They all want what Huntsman has — The woman in charge

Published: Saturday, March 1 2014 9:20 p.m. MST

David and Mary are the parents of a son, also named David, a graduate of Salt Lake’s West High School and currently a freshman at the University of Pennsylvania, of whom Mary says, “he is cherished and my greatest joy in life.” Her husband runs a successful export business in Salt Lake City.

At 59, Beckerle looks at her career and mentally knocks on wood. “I feel incredibly lucky to be where I am,” she says. “I love the west. It’s not just open spaces physically, but people have open minds. There’s a collaboration and a team spirit and a willingness to take risks. Those are the hallmarks at HCI.”

In the war against cancer, she is both a soldier and an officer.

“Here’s the thing,” she explains. “I am a scientist. I’m trying to control Ewing sarcoma, a children’s bone cancer, with a team of people. That’s incredibly exciting for me personally, at a time when we’re positioned to make more progress than has ever been possible. So that’s one job. I could never give that up. The other job is working with the team at HCI to chart the most effective course for the institute. I feel like the very fortunate conductor of a world-class orchestra. My role is to help them sound their best together, tap into their core desire to do something different and make something special.”

The thought prompts her to think of the way Mickey Beckerle raised her daughters.

“She made us feel like we could do anything and she expected us to do something really great,” she muses. “That’s exactly the way I feel about people here. I have the same expectation for them.”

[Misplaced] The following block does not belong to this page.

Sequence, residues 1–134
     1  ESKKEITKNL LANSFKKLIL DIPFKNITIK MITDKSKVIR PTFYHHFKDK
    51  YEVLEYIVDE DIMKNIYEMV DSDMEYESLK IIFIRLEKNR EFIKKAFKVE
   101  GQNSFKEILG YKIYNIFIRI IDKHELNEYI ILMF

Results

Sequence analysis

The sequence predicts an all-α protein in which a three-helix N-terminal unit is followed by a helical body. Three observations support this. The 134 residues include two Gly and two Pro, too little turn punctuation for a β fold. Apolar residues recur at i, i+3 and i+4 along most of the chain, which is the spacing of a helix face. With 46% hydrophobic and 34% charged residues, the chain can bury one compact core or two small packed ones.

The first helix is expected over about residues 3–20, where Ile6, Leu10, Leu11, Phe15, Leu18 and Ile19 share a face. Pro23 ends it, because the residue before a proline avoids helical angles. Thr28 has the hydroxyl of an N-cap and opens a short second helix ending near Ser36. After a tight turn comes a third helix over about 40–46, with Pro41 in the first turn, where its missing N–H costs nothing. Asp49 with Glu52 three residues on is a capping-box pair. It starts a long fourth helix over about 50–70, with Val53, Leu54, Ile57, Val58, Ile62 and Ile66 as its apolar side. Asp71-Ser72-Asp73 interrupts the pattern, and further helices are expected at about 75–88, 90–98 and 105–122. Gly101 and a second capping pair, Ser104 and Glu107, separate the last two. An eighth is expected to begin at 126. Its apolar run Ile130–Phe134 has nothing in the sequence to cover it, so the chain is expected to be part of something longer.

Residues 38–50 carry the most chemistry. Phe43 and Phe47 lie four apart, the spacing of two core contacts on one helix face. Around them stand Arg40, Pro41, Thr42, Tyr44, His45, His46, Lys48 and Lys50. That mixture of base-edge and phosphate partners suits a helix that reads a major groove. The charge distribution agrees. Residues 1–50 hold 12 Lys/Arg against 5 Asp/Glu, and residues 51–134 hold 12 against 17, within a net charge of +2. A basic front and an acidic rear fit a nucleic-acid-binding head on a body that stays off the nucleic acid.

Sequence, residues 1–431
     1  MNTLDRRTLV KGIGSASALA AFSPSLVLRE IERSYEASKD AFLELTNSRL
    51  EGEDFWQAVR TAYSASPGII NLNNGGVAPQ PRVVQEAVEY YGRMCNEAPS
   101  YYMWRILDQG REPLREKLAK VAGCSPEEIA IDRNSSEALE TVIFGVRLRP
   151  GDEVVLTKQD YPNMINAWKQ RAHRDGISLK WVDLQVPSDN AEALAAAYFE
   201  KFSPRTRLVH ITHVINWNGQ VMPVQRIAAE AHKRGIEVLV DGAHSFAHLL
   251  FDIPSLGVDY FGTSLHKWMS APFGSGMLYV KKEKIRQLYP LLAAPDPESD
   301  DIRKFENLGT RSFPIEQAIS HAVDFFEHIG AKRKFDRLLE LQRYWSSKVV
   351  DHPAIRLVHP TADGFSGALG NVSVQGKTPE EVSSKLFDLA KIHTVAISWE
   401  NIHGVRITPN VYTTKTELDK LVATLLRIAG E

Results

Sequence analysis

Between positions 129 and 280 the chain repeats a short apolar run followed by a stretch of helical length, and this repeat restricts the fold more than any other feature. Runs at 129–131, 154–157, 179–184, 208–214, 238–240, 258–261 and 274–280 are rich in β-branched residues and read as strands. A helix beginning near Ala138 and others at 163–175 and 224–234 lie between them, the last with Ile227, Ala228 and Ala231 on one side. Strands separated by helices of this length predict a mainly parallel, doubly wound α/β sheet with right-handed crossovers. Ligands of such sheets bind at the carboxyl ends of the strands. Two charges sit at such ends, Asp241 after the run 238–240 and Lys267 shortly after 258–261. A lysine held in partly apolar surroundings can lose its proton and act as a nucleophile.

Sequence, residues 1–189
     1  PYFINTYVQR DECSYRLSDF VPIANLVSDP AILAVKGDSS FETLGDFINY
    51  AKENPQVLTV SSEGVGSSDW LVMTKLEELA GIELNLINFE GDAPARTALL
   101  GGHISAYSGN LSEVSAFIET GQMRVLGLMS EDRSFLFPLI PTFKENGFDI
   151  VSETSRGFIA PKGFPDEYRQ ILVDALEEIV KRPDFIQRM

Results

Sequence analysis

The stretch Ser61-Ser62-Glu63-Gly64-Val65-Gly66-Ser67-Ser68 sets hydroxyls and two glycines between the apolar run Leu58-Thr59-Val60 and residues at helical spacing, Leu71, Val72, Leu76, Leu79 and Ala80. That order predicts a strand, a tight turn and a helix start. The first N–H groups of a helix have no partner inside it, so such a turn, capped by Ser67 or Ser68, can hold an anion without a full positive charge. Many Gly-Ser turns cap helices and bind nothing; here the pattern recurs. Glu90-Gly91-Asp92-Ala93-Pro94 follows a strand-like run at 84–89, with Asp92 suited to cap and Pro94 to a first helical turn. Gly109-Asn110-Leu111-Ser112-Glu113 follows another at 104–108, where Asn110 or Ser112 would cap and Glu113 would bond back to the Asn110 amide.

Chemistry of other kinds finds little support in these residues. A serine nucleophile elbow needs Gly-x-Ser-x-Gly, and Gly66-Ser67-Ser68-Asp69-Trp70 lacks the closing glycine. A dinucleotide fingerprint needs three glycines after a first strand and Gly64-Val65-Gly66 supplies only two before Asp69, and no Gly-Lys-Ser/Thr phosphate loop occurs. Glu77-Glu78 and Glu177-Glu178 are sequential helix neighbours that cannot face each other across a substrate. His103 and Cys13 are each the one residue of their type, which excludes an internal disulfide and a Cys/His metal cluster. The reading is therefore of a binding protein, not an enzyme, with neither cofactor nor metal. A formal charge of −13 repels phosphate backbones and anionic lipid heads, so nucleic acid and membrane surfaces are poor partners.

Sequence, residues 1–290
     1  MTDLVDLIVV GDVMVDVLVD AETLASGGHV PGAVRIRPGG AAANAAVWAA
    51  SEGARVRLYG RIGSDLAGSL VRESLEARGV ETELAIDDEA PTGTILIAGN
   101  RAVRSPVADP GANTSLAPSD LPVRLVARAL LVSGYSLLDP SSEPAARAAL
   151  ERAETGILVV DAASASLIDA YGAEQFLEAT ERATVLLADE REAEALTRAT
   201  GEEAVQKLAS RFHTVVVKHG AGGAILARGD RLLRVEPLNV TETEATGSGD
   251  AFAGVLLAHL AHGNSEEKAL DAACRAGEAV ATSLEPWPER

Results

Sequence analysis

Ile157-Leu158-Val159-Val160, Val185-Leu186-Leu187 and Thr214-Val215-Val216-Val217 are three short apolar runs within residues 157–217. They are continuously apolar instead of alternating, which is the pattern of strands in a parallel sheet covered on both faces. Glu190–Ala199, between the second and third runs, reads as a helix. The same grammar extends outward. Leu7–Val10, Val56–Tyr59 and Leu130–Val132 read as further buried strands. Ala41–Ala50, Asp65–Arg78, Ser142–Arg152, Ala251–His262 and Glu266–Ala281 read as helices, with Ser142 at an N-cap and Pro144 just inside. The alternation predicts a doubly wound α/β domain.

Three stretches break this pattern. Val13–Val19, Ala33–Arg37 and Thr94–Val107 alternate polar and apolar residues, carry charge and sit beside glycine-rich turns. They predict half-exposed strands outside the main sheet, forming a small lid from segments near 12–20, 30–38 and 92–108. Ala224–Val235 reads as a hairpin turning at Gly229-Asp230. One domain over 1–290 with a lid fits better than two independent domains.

* * *

It’s all music to Jon Huntsman’s ears. Ever since 1993, when he donated his first $10 million — it’s now more than $300 million — to start a cancer institute in partnership with the University of Utah, he’s learned over and over again that the fight against cancer requires not only the sharpest and the brightest minds — but someone with a deft hand to hold them all together.

“Someone once told me that the most difficult group to lead is one where you’re one of the same,” he says. “Your own peer group is always the hardest to truly manage. Mary is dealing with her own peer group — a group of highly educated, remarkably outstanding professionals — and she manages them with such tremendous class and leadership. I don’t get any complaints. I just don’t get any. She ought to be in the Guinness Book of World Records.

“I know what my job is,” he grins. “Keep slipping the checks under the door.”

And hope the leader on the other side keeps picking them up.

Email: benson@deseretnews.com

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